in resonance frequency and a larger damping effect. Thus, the reflective response to the vibrational
inputs at the interface can be interpreted using amass-spring-damper model of mechanical vibration,
which is a well-known model in physics (Figure 2).

The second-order differential equation for this model is mx cx kx + + = 0 , where m is the mass
of the system, c is the damping constant, k is the spring constant, x is displacement, and x and x
are the second- and first-order time derivatives of x, respectively. The mass, damping, and spring
constants are all positive. When the bone-implant interface is under damped, a situation that is
clinically common (the critically damped and over damped cases
both indicate failed implants that can be considered to be mobile),
the general solution for this equation is
( ) 2 2
2 4 4
x t cos cos sin sin
2 2
c t m mk c mk c Ae B t C t m m
− − − = +
where A, B, and C are constants.
From this solution, a mathematical relation is found between the
resonance frequency, Rf
, and the damping constant, c:
2 4 2 1 , , : 4 2 f
mk c c D r r D constant m km
R π
− − = = =

Using 2 1 R D r f = − , a linear mathematical relation can be
theoretically found using logarithms such as 1 2 ln (1 ) (constant). 2
R r E f = − +
Assuming that ln Rf
is y, which is associated with the ISQ value, and
that ln(1-r2
) is x, which is associated with the PTV, the equation can
be expressed as y = ax | b, where a and b are constants. That is, a firstorder
function is obtained. The authors demonstrated a statistical
proof of this using bone models with precisely controlled thickness
and density [1]. Another study supported such a statistical correlation
between PTVs and ISQ values and produced a similar linear function
[3].

As the bone has a heterogeneous density distribution, and bone
quality differs for each individual, it is difficult to find the linear
PTV-ISQ correlation from real-world selected sample groups.
Nevertheless, is it logical to conclude that the damping effect and
resonance frequency are insignificantly correlated in reality, as
other studies have stated, despite the fact that the two phenomena
are theoretically related through a differential equation based on
a mechanical vibration model? [6-9]. It would be more rational to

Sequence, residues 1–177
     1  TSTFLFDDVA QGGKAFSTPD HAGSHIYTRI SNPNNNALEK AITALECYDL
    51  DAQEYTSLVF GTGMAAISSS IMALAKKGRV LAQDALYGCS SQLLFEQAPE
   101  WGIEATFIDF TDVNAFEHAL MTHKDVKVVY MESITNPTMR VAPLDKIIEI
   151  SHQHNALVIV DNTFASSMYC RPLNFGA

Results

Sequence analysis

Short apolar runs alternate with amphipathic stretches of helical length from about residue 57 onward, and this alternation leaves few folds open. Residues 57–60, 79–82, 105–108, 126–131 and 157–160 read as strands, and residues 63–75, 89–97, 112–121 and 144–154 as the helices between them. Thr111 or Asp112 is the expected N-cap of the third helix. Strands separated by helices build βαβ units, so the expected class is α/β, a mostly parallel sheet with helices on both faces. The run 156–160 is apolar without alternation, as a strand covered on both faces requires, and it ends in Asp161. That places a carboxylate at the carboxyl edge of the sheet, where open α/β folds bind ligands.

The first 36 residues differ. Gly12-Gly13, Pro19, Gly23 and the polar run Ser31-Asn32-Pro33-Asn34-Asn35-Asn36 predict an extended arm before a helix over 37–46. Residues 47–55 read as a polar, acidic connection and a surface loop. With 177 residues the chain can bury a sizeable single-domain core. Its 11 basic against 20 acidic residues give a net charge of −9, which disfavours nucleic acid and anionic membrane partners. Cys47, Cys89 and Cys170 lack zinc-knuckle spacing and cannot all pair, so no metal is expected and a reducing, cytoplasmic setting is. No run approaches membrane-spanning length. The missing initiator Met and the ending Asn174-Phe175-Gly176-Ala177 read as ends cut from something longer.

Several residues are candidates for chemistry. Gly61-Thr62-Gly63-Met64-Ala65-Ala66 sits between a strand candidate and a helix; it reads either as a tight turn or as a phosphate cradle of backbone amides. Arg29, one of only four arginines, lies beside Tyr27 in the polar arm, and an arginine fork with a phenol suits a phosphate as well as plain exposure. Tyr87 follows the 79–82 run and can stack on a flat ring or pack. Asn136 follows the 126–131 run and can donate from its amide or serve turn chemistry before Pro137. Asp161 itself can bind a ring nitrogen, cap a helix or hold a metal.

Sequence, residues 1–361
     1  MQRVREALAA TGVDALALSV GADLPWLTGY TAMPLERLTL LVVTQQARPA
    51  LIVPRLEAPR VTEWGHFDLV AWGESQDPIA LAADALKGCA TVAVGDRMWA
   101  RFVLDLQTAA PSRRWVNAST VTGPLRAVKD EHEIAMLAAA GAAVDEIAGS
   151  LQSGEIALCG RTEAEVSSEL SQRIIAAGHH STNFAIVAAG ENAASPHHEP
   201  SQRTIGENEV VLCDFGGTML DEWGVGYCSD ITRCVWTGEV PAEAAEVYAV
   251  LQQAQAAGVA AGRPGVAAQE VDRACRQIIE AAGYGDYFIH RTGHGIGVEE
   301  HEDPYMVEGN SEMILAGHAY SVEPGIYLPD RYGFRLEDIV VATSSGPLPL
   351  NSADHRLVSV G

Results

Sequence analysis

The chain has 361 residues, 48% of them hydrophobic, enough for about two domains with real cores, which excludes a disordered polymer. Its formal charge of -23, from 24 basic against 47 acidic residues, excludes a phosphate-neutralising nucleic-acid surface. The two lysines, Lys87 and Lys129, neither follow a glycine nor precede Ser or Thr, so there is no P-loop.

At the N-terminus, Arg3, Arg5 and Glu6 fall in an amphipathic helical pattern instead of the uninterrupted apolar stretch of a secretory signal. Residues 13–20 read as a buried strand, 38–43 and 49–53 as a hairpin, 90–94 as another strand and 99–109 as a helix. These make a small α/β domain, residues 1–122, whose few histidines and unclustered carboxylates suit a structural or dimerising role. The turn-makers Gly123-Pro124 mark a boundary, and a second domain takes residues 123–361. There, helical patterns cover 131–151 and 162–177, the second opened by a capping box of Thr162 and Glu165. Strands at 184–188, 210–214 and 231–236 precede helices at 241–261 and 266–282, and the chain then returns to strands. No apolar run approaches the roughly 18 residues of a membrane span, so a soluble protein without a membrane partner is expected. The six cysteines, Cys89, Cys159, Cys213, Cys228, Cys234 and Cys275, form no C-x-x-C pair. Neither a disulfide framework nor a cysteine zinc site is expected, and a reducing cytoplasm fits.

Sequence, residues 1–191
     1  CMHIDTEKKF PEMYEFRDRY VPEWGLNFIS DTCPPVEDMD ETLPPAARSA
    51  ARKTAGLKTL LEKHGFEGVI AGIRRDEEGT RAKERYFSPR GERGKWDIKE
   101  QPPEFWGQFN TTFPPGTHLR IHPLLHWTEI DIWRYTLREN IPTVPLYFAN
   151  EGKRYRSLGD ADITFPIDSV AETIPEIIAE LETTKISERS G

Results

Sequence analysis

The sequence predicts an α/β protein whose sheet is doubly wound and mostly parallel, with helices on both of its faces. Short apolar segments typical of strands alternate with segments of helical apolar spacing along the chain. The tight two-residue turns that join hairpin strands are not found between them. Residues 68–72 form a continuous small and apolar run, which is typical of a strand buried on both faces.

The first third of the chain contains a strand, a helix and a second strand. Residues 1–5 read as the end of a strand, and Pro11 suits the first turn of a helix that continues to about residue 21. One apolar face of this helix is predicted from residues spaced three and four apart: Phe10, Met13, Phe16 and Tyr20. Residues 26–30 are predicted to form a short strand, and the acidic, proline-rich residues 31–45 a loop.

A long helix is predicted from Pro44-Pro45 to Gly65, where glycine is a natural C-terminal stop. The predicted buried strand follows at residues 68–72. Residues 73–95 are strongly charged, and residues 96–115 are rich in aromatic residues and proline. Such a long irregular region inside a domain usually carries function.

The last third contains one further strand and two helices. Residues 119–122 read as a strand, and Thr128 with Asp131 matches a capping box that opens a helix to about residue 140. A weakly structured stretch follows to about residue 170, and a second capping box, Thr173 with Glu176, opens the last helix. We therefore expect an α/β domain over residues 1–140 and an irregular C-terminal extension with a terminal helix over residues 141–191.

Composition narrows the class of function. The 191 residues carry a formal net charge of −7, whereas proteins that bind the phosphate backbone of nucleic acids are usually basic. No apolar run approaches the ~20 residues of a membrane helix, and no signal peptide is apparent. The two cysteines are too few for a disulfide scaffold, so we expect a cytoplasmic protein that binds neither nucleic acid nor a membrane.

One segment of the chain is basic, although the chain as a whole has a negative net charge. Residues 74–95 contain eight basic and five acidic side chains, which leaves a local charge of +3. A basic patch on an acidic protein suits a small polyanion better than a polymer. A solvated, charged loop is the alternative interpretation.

attempt to determine the following: how the real bone resorption
pattern and bony contour differ from their respective theoretical
counterparts; why the PTV-ISQ correlation deviates from the
theoretically expected value according to bone quality; and what is the
nature of osseointegration at the bone-implant interface. Addressing
these questions will lead to the development of a more elaborately
designed resonance frequency analyzer and damping effect estimator
that can predict the crestal bone geometry around an implant and
differentiate the simple initial contact of implant surface to bone from
the bone integrated into the implant surface.

**Figure 1 **

**Figure 1**

Schematic of the bone-implant interface. Direct contact of implant
surface with the bone clinically equates to a stable implant. Empty space
scan occur between the bone and the implant; these are often filled with
blood (red area) or other tissues (pink area).

**Figure 2 **

**Figure 2**

Schematic of an implant inserted into bone. The red area on the
left represents a gap between the implant and bone, which results in a larger
damping effect when force is applied to the implant. The clinical state of the
implant inserted into the bone is considered to be physically equivalent to
free vibration with damping, as shown on the right. m: mass of the system; k:
spring constant; c: damping constant.

## Acknowledgment

This work was supported by a National Research Foundation of Korea (NRF) grant funded by the Korean Government (MSIP) (No. NRF-2016R1A2B4014330).